On women's terms
That is why, when women ask for rights, they are often either told to think of family, country, community, or told that they must denounce and renounce their community in exchange for the right and so, endorse the superiority of the saviour
The criminalisation of triple talaq, through a bill passed in the Rajya Sabha last week, replays a familiar history of subverting what women want, into the right of men to rule over other men and 'their' women.
We have seen it with Afghanistan and a US invasion justified by Talibanisation and what it means for women's freedoms. We have seen it with colonial claims about how colonised races don't know how to treat their women, and so, need to be ruled by more 'civilised' races. In a different context, we see this with the issue of sex-work from which people always want to 'rescue' women, frequently leaving them to languish in homes, ignoring the demands of sex-workers for legalisation and better rights, in favour of civilisational pieties.
At the heart of these stories is the telling term 'their' women, as if women belong to others, and are not autonomous citizens who have the usual layered identities of all people, which include gender and community. That is why, when women ask for rights, they are often either told to think of family, country, community, or told that they must denounce and renounce their community in exchange for the right and so, endorse the superiority of the saviour.
Muslim women's collectives from across the country fought to push this bill forward. They asked for triple talaq to be made void in law. They did not ask for men to be criminalised. What is gained by that? As these collectives have pointed out, this move will impoverish families and it will make men find ways not to divorce wives, but to abandon them instead. It might punish men unreasonably, and it will certainly not help women.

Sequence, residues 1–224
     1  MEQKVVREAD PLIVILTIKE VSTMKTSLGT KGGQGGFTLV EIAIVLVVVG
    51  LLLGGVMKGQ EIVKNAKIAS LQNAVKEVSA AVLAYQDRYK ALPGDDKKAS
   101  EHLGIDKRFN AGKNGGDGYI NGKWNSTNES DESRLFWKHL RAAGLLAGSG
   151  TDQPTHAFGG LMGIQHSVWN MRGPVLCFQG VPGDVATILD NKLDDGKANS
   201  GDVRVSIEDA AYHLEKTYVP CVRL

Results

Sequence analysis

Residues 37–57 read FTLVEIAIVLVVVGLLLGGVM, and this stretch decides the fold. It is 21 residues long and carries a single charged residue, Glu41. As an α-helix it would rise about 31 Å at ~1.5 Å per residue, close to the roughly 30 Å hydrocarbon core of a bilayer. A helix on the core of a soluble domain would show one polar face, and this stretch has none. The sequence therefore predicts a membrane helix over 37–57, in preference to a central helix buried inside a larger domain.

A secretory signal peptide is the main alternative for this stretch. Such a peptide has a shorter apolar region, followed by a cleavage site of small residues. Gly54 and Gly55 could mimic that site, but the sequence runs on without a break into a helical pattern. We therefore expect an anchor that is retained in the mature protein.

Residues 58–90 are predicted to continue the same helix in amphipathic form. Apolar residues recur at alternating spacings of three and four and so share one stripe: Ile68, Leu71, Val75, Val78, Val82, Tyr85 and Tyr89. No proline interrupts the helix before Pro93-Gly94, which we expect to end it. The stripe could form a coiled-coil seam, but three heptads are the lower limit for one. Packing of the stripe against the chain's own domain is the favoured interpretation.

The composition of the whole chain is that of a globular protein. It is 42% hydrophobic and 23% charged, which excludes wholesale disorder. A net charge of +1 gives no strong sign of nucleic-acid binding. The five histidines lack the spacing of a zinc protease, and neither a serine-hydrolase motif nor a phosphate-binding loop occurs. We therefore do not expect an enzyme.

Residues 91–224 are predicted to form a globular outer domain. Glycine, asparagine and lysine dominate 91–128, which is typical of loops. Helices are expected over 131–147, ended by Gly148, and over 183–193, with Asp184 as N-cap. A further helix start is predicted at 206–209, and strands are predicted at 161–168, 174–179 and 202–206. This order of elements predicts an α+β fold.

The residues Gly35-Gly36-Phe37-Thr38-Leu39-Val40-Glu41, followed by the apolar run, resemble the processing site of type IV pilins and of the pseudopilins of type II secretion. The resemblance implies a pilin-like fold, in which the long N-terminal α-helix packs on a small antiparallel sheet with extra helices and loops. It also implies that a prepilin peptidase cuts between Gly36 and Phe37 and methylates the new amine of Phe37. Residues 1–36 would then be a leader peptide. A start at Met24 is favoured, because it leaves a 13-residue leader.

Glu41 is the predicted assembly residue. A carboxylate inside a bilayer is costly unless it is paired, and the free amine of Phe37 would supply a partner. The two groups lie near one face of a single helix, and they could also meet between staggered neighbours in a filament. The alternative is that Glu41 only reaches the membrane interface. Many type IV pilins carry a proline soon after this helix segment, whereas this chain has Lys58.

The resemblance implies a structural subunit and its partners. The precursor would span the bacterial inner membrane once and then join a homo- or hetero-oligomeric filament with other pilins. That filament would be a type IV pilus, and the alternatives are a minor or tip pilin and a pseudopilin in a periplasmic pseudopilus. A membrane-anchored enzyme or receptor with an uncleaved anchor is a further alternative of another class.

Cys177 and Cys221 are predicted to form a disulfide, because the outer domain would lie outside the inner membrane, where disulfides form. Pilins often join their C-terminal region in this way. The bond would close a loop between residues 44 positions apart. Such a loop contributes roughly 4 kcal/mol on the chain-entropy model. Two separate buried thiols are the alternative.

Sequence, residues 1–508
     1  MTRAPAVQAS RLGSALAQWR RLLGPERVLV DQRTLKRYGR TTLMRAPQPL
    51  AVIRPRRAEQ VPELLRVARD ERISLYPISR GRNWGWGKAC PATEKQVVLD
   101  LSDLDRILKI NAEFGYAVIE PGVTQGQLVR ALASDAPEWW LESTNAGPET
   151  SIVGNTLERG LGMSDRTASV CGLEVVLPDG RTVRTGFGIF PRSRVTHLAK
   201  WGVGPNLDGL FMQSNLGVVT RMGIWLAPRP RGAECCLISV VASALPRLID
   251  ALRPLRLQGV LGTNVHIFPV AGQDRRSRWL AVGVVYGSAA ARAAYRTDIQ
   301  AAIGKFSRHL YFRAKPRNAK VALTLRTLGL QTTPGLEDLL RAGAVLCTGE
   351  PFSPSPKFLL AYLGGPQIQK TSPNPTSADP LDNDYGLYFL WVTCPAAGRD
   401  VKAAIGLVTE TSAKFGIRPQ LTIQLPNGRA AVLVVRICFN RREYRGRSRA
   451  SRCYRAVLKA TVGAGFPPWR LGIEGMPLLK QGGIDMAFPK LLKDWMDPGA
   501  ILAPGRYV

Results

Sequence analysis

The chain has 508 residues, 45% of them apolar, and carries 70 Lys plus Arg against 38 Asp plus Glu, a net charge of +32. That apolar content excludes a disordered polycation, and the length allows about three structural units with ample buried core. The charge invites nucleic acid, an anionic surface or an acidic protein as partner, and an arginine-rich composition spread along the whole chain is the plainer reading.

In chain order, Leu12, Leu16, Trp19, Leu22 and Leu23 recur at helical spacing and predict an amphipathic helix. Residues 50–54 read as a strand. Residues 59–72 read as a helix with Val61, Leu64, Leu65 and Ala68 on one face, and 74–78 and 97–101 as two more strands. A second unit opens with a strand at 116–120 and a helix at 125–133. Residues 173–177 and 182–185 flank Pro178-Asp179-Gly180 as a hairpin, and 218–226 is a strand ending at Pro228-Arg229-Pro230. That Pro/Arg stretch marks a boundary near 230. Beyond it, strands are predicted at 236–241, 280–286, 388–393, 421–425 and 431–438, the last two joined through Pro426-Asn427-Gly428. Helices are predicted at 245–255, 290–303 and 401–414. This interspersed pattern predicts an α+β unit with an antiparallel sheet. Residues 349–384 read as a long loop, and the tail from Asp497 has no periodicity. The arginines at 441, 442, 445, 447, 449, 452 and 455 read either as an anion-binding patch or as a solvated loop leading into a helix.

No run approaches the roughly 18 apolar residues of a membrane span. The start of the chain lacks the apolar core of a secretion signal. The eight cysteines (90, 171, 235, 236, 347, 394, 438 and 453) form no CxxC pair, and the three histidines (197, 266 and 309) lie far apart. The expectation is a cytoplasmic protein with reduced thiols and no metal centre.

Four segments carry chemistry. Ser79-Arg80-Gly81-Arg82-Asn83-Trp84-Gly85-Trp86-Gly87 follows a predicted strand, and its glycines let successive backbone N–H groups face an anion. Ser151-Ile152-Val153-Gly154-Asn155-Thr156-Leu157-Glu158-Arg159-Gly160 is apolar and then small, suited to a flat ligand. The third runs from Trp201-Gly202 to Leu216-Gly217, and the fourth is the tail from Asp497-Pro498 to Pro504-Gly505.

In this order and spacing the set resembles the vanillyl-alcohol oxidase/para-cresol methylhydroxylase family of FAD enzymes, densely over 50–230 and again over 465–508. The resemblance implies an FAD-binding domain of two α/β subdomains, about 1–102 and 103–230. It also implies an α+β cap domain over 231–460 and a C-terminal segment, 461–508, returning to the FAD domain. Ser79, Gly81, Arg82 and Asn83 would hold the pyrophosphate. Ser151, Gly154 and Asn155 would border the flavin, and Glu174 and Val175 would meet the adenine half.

There is needless cruelty to all members of the community in this. But, there is an added morality of marriage tied to this, which lays the grounds for hopelessness in human relationships, too.
They say you can learn a lot about people from the way they leave a relationship. Do they do so with decency, an acknowledgement of the relationship, taking responsibility for their part in the ending? Or, do they slink away indecently, without a care for the other people involved? In other words, do they do this with civility or not? These are important questions and they should not be confused with the idea that it is inherently wrong to want to leave a marriage or change their mind about a relationship.
When you do that, you actually engender indecency. You compel people to leave indecently. Those who continuously mock the Prime Minister for leaving his wife as a young person, perhaps, with little say in the matter, also play into this discourse. That men can somehow leave marriages of compulsion, while women are abandoned to a limbo for social and financial reasons, has caused so much suffering.
This is why it is imperative to keep the ending of all marriages in the domain of civil law, to constantly debate the civility with which we can conduct and end our relationships. Fairness for all means acknowledging choice for all. This was not the choice women asked for: for the state to punish men. Women asked for the choice to be treated with greater respect, and like all civil agreements, this should happen on their terms, too.
Paromita Vohra is an award-winning Mumbai-based filmmaker, writer and curator working with fiction and non-fiction. Reach her at www.parodevipictures.com
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